Rust, Regeneration and Romance - registration now available
International Conference Announcement and Call for Papers
Ironbridge International Institute for Cultural Heritage
University of Birmingham & The Ironbridge Gorge Museum Trust
Rust, Regeneration and Romance: Iron and Steel Landscapes and Cultures
10-14 July 2013, Ironbridge, UK
For centuries iron and steel have been the fundamental building blocks of modernity. These metals and the technologies, societies and cultures surrounding them have revolutionised the lives of billions of people. From the earliest functional usage of iron in domestic life, to decorative cast iron, from weapons to knives and forks and from the use of high tensile steels in buildings around the world to the stainless steels of space exploration, the transformative power of iron and steel is undeniable. This capacity to transform extends to the landscapes and cultures which have themselves been transformed through the mining, production, processing and consumption of iron and steel. As China and India race to modernise their economies with imported iron and steel, many cities across Europe and North America are still struggling with the decline in production and manufacture. In many parts of Europe former centres of iron and steel production have undergone regeneration and now form part of the tourism economy. Rust has gained currency as part of industrial heritage. Still, in many parts of the developing world, ideas of heritage lie very much in the future, as communities continue to work in the mining of iron ore and the production and fabrication of steel.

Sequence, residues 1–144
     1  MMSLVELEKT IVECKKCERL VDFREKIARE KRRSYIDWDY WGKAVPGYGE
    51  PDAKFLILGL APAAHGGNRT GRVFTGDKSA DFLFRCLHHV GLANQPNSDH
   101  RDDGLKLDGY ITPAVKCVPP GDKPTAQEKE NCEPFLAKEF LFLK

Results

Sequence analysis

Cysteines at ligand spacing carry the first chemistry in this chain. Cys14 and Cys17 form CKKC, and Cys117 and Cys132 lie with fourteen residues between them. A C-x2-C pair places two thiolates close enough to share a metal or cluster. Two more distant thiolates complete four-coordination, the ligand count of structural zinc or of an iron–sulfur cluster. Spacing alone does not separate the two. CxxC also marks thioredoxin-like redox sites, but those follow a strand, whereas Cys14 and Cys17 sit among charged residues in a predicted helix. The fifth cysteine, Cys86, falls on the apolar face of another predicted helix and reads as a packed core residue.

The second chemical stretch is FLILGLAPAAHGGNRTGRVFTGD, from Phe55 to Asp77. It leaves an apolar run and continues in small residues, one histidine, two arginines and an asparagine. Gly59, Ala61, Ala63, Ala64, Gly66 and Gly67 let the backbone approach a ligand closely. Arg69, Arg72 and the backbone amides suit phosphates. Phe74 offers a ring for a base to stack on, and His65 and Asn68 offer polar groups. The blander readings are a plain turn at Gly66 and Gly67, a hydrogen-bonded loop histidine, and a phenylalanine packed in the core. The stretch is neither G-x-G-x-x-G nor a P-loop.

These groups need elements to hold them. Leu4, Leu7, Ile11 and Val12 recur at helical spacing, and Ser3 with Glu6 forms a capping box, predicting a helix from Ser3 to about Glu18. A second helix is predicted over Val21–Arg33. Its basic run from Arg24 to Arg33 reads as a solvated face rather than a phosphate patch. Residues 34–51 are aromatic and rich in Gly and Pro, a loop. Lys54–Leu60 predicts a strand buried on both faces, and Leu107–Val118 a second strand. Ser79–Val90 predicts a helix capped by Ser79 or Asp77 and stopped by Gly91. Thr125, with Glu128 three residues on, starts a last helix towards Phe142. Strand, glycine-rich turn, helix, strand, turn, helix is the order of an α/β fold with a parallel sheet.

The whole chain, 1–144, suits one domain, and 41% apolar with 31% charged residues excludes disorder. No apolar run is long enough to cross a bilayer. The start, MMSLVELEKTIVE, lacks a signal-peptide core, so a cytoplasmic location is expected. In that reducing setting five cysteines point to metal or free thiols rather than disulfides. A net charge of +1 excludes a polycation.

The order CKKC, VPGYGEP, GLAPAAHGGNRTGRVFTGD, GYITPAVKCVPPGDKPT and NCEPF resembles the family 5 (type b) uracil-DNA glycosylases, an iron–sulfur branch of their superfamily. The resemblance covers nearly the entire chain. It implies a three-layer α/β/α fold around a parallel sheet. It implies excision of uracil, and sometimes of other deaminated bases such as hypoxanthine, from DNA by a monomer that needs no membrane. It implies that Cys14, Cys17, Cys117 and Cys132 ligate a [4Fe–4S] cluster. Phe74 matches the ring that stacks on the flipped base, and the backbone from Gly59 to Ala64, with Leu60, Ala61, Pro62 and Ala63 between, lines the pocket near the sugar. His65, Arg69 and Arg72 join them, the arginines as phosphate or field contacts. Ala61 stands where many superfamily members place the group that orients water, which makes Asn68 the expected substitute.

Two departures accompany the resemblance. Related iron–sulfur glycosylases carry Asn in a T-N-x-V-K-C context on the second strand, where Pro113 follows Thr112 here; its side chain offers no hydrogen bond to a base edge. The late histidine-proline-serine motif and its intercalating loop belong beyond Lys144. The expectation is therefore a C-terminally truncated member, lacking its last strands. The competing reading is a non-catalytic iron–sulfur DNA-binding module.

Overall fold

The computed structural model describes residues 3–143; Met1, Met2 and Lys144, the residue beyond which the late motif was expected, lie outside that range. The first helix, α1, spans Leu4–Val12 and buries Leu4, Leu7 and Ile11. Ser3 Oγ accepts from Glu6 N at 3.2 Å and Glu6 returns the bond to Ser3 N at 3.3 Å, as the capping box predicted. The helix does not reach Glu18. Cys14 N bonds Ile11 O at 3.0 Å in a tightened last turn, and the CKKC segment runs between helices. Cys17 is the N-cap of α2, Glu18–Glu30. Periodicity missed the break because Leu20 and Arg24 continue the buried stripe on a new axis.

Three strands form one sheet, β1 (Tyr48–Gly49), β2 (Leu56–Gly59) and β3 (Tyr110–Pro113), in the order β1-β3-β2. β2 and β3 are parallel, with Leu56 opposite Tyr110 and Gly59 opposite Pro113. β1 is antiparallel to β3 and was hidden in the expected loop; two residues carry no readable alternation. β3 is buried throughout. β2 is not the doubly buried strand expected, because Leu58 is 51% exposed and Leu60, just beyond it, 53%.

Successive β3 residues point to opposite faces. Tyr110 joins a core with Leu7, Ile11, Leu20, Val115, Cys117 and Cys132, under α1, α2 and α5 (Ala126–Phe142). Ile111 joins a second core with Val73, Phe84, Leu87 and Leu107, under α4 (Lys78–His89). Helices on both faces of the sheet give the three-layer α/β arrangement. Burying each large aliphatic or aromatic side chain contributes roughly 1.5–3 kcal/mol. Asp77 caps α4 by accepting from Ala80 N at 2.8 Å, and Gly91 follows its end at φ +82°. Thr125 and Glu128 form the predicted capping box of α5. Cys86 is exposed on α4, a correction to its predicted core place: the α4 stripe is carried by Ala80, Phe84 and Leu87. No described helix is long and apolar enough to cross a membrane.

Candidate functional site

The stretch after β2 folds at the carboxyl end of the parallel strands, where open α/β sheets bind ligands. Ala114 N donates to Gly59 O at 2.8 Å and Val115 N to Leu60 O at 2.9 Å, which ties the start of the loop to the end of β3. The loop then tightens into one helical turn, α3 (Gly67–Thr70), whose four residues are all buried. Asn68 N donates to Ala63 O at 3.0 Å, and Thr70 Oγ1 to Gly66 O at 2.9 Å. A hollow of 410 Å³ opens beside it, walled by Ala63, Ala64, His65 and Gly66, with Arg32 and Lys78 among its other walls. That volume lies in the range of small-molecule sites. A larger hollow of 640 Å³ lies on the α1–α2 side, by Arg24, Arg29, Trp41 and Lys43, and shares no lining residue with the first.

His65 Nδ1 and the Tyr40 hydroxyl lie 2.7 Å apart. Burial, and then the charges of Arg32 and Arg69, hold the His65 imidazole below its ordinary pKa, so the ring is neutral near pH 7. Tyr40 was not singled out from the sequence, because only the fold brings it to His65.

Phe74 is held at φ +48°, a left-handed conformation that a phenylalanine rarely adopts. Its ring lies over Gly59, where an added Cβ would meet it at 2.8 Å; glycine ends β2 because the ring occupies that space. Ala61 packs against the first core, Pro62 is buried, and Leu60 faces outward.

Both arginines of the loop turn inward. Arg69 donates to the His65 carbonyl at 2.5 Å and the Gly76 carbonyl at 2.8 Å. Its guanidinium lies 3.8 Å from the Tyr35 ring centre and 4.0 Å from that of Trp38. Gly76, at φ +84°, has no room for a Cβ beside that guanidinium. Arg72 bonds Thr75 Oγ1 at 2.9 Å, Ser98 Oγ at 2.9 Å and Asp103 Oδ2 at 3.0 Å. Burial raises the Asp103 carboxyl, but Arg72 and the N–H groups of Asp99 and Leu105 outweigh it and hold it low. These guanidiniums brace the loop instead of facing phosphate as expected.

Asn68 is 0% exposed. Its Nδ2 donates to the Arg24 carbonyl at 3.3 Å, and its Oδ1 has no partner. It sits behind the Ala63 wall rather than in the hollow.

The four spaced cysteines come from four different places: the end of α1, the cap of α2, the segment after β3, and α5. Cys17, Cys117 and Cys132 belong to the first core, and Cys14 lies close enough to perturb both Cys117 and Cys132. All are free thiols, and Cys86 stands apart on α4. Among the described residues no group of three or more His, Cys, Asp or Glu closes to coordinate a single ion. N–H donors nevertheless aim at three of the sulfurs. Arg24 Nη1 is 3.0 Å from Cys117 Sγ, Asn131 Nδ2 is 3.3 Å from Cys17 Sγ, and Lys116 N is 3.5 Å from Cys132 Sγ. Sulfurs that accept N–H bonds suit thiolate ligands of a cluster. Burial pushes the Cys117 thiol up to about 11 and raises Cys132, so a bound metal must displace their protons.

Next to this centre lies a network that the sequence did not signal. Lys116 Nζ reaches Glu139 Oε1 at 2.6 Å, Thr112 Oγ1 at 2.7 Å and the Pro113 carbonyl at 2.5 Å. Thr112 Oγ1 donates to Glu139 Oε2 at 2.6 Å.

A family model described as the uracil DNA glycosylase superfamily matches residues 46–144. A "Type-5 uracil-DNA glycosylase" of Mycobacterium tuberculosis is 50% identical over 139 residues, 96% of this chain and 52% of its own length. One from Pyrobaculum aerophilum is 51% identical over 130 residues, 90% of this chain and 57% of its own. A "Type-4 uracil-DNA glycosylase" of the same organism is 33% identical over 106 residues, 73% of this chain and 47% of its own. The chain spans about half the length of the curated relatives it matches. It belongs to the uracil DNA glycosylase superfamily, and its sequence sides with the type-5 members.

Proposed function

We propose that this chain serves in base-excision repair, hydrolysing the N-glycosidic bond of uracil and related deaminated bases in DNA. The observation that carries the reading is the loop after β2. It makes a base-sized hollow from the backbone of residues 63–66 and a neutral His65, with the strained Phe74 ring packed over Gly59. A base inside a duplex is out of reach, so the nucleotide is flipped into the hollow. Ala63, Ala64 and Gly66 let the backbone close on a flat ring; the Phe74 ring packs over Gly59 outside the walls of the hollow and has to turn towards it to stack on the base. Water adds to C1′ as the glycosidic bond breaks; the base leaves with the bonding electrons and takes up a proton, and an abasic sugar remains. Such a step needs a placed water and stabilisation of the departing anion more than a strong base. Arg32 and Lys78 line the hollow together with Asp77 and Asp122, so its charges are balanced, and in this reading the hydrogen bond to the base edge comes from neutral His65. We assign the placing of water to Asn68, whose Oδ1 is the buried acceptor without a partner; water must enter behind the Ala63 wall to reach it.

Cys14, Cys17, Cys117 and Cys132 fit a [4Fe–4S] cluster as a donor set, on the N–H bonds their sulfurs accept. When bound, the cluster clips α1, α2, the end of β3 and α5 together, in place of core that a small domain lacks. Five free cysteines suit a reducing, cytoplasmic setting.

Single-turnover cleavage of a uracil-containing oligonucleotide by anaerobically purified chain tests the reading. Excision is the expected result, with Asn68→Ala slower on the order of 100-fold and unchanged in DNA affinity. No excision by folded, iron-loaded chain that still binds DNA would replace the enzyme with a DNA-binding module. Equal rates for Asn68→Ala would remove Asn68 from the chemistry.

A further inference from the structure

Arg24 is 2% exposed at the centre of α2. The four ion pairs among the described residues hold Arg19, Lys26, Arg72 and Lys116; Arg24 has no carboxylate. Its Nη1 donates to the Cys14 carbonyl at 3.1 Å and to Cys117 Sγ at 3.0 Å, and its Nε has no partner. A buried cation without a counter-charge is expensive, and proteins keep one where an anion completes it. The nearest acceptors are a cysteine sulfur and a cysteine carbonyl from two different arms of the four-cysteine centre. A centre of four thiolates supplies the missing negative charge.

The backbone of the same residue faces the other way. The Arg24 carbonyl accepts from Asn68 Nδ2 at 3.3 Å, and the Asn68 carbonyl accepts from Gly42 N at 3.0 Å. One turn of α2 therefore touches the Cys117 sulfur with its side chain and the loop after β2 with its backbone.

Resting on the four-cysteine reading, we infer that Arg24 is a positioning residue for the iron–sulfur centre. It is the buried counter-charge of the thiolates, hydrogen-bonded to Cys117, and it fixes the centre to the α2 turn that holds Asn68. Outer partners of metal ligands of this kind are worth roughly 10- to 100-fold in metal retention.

This conference seeks to engage academics and practitioners in an open multi-disciplinary analysis of iron and steel landscapes and cultures, from the ancient to the modern. It looks toward the legacies of both production and consumption and how these metals have influenced all aspects of social life. We wish to explore the relationships that communities, regions, nations share with iron and steel through its functional use, creative and artistic use and its symbolic use. Indicative questions the conference will address are: How are economies and societies transformed by the extraction and processing of iron? How does the environmental impact and legacy of iron and steel sites shape social and political life? How do governments and communities deal with both the expansion and decline of the iron and steel industries? What are the forms and formats of regeneration for iron and steel landscapes and communities? To what extent are global communities connected through iron and steel, economically and culturally? How have the landscapes and cultures of iron and steel found expression through various art forms? How are these landscapes managed and understood?
The conference will act as a forum for exchange between the sciences, social sciences and the humanities. The conference will draw from anthropology, archaeology, art history, architecture, engineering, ethnology, heritage studies, history, geography, landscape studies, linguistics, metallurgy, museum studies, sociology, tourism studies etc. The conference will take place at the Ironbridge Gorge World Heritage Site.